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Kidney Week

Abstract: TH-PO541

IgG Subclass Switch in Fibrillary Glomerulonephritis: Possible Natural History of the Disease

Session Information

  • Pathology and Lab Medicine
    November 03, 2022 | Location: Exhibit Hall, Orange County Convention Center‚ West Building
    Abstract Time: 10:00 AM - 12:00 PM

Category: Pathology and Lab Medicine

  • 1700 Pathology and Lab Medicine

Authors

  • Biederman, Laura, The Ohio State University, Columbus, Ohio, United States
  • Ibrahim, Dalia Y., The Ohio State University, Columbus, Ohio, United States
  • Satoskar, Anjali A., The Ohio State University, Columbus, Ohio, United States
  • Nadasdy, Tibor, The Ohio State University, Columbus, Ohio, United States
  • Brodsky, Sergey V., The Ohio State University, Columbus, Ohio, United States
Background

Fibrillary glomerulonephritis (FGN) is an uncommon glomerular disease characterized by non-periodic fibrillar deposits of immunoglobulins usually positive for polyclonal IgG. Staining for IgG subclasses routinely performed and is usually dominant for IgG4. However, the natural history of this disease is not well documented.

Methods

Kidney biopsies with FGN were identified in a renal pathology database at Ohio State Wexner Medical Center from 12/1/2006 to 3/1/2022, when routine IgG subclass staining was performed. A total of 164 cases with IgG subclass data were reviewed, and seven patients with a diagnosis of FGN who had both an original diagnostic kidney biopsy and a follow up kidney biopsy were identified.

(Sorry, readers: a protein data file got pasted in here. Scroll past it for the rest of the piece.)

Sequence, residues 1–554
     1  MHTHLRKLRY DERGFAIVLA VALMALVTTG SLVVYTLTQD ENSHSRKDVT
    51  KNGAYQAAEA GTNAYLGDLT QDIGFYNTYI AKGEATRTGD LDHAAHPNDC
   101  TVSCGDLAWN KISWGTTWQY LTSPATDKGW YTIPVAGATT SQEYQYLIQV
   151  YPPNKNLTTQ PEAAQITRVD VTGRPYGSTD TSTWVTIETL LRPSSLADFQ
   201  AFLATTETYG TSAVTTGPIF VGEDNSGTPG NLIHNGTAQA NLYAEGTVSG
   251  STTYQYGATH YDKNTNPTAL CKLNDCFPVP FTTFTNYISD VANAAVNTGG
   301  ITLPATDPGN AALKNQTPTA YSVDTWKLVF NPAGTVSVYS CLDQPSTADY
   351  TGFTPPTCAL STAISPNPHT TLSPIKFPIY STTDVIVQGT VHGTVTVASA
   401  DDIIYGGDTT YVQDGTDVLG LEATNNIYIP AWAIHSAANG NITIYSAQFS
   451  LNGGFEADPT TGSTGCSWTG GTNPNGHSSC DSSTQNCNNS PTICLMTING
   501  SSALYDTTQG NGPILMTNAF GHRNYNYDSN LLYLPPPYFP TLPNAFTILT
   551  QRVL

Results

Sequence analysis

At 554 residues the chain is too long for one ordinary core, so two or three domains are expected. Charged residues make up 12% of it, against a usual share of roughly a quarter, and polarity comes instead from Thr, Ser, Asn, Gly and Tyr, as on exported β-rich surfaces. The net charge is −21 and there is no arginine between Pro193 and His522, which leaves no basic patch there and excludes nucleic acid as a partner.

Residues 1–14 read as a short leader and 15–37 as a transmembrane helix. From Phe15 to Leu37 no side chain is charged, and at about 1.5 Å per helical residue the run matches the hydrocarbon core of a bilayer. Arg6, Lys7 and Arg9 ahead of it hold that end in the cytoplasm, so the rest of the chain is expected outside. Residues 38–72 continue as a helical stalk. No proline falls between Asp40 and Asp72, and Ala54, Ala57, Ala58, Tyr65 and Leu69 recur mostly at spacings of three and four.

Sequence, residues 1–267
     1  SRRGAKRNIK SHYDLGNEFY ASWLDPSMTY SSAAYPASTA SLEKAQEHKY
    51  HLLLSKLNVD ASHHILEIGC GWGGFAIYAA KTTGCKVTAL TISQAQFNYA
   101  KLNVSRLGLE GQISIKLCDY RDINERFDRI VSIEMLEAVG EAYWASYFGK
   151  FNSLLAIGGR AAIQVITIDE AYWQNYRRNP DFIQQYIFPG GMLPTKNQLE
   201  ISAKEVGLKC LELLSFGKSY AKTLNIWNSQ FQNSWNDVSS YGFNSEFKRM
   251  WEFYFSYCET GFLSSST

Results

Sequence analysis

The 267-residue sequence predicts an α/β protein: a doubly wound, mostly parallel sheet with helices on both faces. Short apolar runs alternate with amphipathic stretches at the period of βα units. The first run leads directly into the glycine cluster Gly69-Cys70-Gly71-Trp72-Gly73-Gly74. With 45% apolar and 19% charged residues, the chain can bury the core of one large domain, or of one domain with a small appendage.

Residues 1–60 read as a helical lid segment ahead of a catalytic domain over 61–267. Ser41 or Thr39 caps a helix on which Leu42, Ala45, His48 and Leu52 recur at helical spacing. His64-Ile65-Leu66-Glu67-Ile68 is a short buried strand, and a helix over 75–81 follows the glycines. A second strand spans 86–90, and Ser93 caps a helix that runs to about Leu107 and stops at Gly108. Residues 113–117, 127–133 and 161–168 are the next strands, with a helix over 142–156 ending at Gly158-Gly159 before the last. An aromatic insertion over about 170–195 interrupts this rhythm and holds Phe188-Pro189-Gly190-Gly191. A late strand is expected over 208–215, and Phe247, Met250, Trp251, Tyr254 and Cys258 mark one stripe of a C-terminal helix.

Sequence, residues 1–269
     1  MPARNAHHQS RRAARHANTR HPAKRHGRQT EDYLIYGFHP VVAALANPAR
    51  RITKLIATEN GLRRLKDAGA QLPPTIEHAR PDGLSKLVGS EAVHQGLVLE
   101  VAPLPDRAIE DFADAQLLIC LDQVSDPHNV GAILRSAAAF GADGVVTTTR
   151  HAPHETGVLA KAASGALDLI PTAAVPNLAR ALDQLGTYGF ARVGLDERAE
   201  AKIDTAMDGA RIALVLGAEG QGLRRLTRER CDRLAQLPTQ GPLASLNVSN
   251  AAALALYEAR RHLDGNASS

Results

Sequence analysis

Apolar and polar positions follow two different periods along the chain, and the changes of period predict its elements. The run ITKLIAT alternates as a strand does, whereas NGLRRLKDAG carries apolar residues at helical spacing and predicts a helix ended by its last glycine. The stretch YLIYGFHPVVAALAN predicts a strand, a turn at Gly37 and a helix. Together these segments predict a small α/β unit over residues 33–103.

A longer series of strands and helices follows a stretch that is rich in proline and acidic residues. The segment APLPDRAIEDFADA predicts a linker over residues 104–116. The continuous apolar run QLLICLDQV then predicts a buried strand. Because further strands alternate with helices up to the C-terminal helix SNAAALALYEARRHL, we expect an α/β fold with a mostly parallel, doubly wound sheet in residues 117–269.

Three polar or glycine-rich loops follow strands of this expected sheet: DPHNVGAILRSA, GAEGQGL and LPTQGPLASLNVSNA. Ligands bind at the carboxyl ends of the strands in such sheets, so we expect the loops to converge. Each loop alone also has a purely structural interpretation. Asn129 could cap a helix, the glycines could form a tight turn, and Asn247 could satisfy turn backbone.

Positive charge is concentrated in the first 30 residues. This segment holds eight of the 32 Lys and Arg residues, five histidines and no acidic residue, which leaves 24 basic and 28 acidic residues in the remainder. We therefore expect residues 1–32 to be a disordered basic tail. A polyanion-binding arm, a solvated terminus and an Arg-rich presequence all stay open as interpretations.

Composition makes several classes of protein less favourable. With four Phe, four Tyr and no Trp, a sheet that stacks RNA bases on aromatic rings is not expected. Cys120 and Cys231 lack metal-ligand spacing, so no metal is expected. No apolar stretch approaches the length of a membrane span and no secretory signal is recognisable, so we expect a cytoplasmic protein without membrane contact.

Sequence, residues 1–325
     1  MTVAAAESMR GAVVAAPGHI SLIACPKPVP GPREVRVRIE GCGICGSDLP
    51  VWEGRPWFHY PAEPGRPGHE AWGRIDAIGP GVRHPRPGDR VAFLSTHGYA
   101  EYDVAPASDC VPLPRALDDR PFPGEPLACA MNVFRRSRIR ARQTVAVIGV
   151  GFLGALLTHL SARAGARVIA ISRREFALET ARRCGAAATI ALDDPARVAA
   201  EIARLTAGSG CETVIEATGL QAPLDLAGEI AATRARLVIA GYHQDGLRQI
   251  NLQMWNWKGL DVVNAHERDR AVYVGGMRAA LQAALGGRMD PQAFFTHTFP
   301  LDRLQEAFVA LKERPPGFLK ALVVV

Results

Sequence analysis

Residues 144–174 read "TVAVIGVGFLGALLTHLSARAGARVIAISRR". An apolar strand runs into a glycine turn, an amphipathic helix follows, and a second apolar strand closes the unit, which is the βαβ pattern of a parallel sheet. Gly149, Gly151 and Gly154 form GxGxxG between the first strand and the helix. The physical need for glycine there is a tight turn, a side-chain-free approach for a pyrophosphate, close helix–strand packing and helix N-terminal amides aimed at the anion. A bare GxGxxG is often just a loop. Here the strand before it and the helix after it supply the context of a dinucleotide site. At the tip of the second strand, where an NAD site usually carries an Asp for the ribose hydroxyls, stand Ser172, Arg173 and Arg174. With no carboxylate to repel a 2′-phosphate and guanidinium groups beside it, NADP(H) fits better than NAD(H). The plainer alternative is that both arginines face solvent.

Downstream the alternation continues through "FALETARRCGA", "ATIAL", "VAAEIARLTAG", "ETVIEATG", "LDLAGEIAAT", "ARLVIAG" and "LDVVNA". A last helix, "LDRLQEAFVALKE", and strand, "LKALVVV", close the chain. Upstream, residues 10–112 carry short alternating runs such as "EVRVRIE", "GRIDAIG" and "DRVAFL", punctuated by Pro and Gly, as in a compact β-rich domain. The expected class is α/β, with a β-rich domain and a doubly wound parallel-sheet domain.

Results

A total of 164 cases of FGN were identified since 12/2006 with IgG subclass staining. Of those, 39 were dominant for IgG1, 67 were dominant for IgG4, and 58 had co-dominant staining for IgG1 and IgG4. Among these, a total of 7 patients had a repeat biopsy after their initial diagnosis. Of these 7, at initial biopsy, 71% of the patients with repeat biopsy showed dominant subclass staining for IgG4, with the remaining showing dominant staining for IgG1 alone or IgG1 and IgG2 . Two patients showed IgG subclass switching, both from IgG4 dominance to IgG1, and both were biopsied at more than 4 years after the initial diagnosis. Of the 5 patients with repeat biopsies who did not show subclass switching, 2 had repeat biopsies at 1 year or less, 2 had repeat biopsies between 1 and 5 years after initial diagnosis, and 1 had a repeat biopsy at 9 years or more. The other patient biopsied at more than 9 years showed IgG1 dominance on both the initial and subsequent biopsies.

Conclusion

FGN is an uncommon disease with a poorly understood natural history. Changes in IgG subclass staining from IgG4 to IgG1 may be part or the natural history of the disease.

  Initial Biopsy SubclassSubsequent Biopsy SubclassYears after initial diagnosis
Patient 1IgG4 and IgG1IgG14
Patient 2IgG4 and IgG1IgG1>10
Patient 3IgG4 and IgG1IgG4 and IgG13
Patient 4IgG1IgG19
Patient 5IgG1 and IgG2IgG1 and IgG23
Patient 6IgG4 and IgG1IgG4 and IgG1<1
Patient 7IgG4 and IgG1IgG4 and IgG1<1